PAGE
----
It’s worth it to keep some of your favorite dry spices and seasonings on hand, as well as the basics (salt, sugar, pepper, olive oil). You can always supplement your spices with fresh ones as you need, but don’t overbuy the stored stuff – you don’t have enough space!

(4) A little foresight goes a long way. When you’re making your menu, pick recipes that require either limited prep or can be done in one pot all at once. While you’re at it, look for recipes that start with the same base ingredients or flavors. With one prep session you can get ready for multiple meals!

When you’re prepping for future meals, make sure you store the extra in Ziploc bags or Tupperware. If you’re extra-sophisticated you can “par cook” your meal, which means cooking it in part beforehand and then finishing it off when you’re ready to serve.

Also, when you’re planning your meals, avoid recipes that require the same tools or heat source at the same time. That helps from a timing perspective (you still need to watch everything though!).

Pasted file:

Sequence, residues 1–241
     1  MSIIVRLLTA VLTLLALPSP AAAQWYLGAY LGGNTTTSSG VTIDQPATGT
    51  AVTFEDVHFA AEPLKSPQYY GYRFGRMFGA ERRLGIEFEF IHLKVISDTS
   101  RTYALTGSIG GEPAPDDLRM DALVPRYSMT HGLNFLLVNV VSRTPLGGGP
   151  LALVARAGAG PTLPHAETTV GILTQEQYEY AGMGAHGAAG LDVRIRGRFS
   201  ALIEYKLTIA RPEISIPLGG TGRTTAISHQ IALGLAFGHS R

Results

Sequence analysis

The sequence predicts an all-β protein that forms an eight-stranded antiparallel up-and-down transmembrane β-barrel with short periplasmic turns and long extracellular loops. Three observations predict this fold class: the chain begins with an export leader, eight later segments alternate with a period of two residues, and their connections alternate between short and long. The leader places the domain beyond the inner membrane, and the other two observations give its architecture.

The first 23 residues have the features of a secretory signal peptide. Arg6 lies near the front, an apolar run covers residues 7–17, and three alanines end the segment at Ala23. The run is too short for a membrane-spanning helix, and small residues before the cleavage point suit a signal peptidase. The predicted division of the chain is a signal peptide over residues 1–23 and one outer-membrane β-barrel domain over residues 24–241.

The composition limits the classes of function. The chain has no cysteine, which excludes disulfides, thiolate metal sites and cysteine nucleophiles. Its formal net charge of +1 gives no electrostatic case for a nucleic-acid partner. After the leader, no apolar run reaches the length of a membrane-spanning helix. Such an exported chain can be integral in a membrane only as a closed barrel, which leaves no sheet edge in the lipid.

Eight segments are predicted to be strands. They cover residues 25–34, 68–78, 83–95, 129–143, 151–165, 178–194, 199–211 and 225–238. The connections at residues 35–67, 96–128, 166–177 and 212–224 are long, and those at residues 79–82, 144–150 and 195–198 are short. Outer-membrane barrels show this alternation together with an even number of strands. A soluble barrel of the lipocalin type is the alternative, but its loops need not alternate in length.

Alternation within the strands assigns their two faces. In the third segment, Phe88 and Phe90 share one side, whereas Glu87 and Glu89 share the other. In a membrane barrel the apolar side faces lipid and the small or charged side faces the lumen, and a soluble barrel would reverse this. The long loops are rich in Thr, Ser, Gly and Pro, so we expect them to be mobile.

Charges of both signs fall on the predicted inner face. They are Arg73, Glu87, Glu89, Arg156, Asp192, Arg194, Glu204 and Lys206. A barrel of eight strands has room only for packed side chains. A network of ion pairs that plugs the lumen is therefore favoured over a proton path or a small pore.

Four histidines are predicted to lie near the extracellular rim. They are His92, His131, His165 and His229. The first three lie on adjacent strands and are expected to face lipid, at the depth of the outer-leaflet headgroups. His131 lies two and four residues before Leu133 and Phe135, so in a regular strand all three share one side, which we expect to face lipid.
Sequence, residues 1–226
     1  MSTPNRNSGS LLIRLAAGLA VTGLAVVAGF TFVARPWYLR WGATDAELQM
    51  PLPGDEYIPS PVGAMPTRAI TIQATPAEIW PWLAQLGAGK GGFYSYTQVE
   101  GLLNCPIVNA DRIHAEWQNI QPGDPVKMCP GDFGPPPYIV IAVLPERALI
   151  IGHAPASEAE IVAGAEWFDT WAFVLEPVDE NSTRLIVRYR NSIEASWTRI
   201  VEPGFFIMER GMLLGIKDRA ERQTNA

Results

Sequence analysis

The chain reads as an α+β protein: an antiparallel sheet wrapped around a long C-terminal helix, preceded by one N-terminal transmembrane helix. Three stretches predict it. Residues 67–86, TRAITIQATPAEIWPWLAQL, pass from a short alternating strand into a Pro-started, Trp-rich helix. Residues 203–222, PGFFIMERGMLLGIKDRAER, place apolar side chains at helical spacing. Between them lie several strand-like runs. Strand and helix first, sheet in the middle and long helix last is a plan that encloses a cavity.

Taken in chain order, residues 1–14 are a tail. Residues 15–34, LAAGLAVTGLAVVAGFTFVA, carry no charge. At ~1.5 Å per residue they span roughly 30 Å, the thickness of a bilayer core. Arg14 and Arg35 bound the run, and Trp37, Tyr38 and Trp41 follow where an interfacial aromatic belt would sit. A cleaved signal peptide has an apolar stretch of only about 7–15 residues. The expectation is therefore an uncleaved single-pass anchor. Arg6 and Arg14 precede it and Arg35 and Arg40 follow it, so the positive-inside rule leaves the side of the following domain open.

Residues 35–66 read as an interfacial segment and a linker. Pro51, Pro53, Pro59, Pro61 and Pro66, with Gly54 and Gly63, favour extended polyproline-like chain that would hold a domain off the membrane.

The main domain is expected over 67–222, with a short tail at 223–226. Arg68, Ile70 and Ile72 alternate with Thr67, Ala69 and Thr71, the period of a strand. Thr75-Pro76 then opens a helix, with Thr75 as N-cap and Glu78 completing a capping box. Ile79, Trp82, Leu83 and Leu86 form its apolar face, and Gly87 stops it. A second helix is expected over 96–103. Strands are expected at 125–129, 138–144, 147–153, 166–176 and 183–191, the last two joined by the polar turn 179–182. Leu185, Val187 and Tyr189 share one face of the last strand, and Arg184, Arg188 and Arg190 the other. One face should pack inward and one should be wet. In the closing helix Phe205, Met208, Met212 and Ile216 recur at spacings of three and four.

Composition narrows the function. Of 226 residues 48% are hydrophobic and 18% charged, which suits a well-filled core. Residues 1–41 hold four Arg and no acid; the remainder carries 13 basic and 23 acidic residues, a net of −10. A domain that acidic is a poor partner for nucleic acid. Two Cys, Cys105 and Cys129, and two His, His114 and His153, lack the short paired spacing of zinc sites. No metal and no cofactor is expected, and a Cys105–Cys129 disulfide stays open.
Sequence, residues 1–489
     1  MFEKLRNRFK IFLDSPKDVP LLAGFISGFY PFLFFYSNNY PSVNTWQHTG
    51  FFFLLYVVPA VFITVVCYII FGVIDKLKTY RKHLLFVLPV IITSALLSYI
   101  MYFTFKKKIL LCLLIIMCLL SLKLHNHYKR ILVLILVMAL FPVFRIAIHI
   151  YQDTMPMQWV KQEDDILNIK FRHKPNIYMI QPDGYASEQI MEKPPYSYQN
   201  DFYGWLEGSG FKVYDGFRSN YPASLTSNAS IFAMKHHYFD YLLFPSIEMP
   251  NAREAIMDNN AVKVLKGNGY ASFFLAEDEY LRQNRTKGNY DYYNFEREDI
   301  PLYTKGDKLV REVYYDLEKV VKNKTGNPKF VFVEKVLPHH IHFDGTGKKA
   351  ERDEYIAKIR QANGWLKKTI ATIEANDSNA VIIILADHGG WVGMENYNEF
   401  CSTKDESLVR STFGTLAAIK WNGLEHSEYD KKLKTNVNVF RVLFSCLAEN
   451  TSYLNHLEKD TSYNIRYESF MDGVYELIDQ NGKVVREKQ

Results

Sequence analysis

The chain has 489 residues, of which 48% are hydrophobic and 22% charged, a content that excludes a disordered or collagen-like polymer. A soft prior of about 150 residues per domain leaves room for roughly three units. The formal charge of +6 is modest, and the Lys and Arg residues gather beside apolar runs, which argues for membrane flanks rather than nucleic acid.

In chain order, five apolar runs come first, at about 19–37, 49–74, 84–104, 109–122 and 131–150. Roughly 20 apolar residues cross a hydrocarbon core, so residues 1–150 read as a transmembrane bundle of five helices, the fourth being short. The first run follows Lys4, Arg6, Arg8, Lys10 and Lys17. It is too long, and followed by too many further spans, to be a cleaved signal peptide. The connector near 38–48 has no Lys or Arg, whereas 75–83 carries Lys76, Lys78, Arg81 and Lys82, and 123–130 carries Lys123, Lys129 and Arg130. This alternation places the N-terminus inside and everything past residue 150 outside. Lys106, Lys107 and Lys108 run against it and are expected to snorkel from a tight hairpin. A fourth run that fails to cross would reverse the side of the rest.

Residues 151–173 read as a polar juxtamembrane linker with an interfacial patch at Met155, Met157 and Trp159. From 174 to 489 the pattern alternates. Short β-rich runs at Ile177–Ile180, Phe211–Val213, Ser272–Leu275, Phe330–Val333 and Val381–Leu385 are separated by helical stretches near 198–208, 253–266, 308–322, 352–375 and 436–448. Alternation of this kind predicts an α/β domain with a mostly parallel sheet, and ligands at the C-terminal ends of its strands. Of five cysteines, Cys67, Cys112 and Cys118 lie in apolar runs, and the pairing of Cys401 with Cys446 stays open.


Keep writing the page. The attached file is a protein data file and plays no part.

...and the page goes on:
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Don’t forget the top 9 questions you should ask when looking at apartments. Lots of things to keep in mind!

And while you’re at it, think about the 4 things to remember when picking your new neighborhood. It’s more than just where the good takeout is! (That’s important, though.)

Your Hot New Apartment Listings for the week of April 25!

Posted in Apartment Hunting, Featured Listings and Buildings, New York Living on April 25th, 2014 by Rob – Comments Off

Each of the apartments below was featured in one of our weekly newsletters for the week of April 25. If you’re interested, follow up with the contact person in the listing; we have not confirmed since the time the newsletter was sent out that the apartments are available. Things move fast in New York!

Studio at W. 75th St. and West End Avenue, Upper West Side, $2,575 (posted 4/22)

One bedroom, Christopher St., West Village, $6,400 (posted 4/22)

Studio, West 40s and Eleventh Avenue, Manhattan, $2,650 (posted 4/22)

One bedroom, West 14th St., Chelsea (Manhattan), $3,495 (posted 4/25)

Alcove studio, W. 82nd St., Upper West Side (Manhattan), $2,300 (posted 4/25)

2 bedroom loft, Varick St., SoHo (Manhattan), $6,880 (posted 4/25)

A Look Back at Recent Blog Posts

Posted in Apartment Hunting, Brokers, Market Trends, New York Living, Rent Hop News on April 20th, 2014 by Rob – Comments Off